Who owns your child’s school? The rise and rise of edu-business

April 5th, 2012

Published on openDemocracy, by Melissa Benn, April 3, 2012.

Faster than we recognise, schools are becoming profit centres. The buildings, the teaching, the cleaning, the exam results are all ways to make money. But who benefits? Not the poorest, argues Melissa Benn … //

… Philanthropy:  

However, the company’s website does not make reference to Amey’s ill-fated sponsorship of one of the early city academies, Unity City Academy in Middlesbrough, North Yorkshire, one of the poorest areas of England, which opened in 2002. By 2008, only 12 per cent of its pupils were getting five good GCSEs and the company eventually withdrew from the school.

Worldwide, the education market is estimated to be worth more than £100 billion. It has increasingly attracted the interest of philanthropic billionaires, such as Bill and Melinda Gates in the United States, and, here in the UK, Arpad Busson, the London-based French financier who founded ARK, one of the more successful educational chains in England.

Education has also attracted the interest of multinational corporations such as Pearsons, owners of the Financial Times and the Penguin Group, and of Rupert Murdoch’s global empire, News International. Pearson Education employs around 37,000 people and is based in more than 60 countries. This company recently bought up educational businesses in Brazil, India and the US. It has contracts with five English academies for textbooks, as well as providing pupil assessments, teacher training and software. Pearson has also expressed interest in the new boom area of English education – helping to run new free schools and academies.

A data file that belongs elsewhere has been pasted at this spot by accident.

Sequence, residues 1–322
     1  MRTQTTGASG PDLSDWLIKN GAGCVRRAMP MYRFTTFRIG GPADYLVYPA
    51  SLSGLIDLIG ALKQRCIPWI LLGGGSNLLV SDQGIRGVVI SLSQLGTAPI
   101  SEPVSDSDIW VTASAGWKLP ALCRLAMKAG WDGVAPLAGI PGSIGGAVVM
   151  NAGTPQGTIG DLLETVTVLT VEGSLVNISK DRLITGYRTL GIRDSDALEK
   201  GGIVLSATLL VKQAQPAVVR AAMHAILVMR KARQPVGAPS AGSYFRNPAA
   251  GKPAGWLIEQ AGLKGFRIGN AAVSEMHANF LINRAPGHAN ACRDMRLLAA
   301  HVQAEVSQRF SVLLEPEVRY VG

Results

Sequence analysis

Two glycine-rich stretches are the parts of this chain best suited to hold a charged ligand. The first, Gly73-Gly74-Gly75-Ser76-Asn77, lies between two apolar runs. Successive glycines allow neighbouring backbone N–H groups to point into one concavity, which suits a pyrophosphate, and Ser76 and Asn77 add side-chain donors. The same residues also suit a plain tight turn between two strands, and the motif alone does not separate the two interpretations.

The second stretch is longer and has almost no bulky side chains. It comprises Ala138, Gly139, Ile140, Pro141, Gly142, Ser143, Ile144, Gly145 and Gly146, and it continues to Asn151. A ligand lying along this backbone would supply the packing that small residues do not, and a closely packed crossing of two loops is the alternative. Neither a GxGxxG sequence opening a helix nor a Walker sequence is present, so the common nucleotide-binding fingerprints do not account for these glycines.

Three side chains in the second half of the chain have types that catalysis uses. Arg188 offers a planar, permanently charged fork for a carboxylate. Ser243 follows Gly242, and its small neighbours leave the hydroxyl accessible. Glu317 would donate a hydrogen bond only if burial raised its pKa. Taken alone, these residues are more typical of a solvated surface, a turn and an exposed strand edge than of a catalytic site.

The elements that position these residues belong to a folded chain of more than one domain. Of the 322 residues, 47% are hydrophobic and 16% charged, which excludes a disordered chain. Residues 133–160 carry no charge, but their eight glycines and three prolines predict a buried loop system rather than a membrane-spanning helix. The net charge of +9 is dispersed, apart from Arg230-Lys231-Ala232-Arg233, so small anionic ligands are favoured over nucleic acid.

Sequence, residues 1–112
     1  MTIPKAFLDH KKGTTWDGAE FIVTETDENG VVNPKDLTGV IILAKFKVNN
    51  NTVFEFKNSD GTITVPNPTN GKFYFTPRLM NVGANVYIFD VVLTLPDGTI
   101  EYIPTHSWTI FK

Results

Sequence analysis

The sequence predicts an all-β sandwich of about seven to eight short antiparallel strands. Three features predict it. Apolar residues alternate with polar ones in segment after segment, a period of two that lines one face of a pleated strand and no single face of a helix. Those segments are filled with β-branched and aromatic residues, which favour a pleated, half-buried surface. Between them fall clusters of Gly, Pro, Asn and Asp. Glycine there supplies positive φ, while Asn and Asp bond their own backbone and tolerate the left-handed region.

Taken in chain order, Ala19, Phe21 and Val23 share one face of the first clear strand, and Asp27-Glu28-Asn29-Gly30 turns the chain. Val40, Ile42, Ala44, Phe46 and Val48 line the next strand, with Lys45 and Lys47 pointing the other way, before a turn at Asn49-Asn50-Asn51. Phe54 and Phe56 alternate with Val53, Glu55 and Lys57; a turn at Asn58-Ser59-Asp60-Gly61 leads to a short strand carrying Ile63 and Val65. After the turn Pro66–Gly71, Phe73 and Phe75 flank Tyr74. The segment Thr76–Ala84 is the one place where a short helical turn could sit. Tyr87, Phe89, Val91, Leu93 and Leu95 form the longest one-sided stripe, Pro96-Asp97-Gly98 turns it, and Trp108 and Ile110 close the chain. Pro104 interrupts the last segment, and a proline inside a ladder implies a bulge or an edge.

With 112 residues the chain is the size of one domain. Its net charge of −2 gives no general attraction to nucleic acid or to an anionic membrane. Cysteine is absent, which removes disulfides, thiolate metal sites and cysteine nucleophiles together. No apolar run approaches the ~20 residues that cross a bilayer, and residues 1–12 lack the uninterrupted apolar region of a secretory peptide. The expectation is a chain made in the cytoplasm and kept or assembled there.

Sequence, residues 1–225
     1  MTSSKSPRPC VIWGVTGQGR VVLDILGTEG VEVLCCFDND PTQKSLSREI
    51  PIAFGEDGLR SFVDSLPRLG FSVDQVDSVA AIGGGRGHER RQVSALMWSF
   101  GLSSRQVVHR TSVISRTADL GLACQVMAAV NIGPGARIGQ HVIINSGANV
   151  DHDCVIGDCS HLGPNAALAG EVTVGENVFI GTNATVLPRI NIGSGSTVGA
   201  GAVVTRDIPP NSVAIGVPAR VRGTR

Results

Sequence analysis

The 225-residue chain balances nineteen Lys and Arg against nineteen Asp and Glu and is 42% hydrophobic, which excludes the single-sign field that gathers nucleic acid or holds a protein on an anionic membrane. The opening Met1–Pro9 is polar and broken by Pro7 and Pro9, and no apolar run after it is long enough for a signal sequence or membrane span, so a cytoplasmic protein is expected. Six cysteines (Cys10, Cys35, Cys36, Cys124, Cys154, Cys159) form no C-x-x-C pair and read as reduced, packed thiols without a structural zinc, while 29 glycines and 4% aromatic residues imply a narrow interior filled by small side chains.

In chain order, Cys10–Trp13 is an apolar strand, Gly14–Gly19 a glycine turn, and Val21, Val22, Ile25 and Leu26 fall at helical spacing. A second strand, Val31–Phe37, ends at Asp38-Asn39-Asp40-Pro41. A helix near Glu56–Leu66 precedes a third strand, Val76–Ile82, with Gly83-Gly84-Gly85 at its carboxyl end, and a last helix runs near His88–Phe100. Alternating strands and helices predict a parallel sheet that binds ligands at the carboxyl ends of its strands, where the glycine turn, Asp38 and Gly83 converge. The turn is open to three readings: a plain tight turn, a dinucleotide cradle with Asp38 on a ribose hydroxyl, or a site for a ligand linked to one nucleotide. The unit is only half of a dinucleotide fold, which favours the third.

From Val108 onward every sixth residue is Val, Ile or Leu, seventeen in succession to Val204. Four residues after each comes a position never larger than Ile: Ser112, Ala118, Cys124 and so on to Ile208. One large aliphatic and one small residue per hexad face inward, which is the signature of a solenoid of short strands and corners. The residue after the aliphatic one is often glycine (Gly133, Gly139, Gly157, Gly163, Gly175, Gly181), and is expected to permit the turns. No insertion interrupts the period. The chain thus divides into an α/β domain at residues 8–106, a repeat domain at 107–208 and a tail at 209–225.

Since coming to power in 2010, the Coalition has accelerated the break-up of state education, and encouraged a range of semi-private providers to enter the system. Free schools were initially presented by Tory ministers as a form of parent power, but most of the new schools are in fact being run by an eclectic mix of charitable and third-sector organisations, religious groups,  and, increasingly, private providers and the rapidly expanding academy chains.

Take Oasis ? , one of the largest academy chains, with 14 academies already open and more in development. As Henry Stewart reports on the Local Schools Network ? website, between 2006 and 2010, the revenue received from government by the Oasis chain grew from £3 million to £70 million. The revenue of  ARK ? , which runs 11 academies in London, Birmingham and Portsmouth, increased from £3 million to £117.5 million. In 2009-10,  the income of E-ACT ? , another academy sponsor, grew from £15.5 million to £60 million. Its head, Sir Bruce Liddington, former Schools Commissioner, was reportedly paid more than £280,000 a year, in the last year when accounts were available. (The finances of these chains are no longer published.) All these groups are highly regarded by government in policy debates and have considerable influence on the development of government thinking and practice in education. The views of local authorities, on the other hand, are largely ignored.

Profit centres: … (full text).

Comments are closed.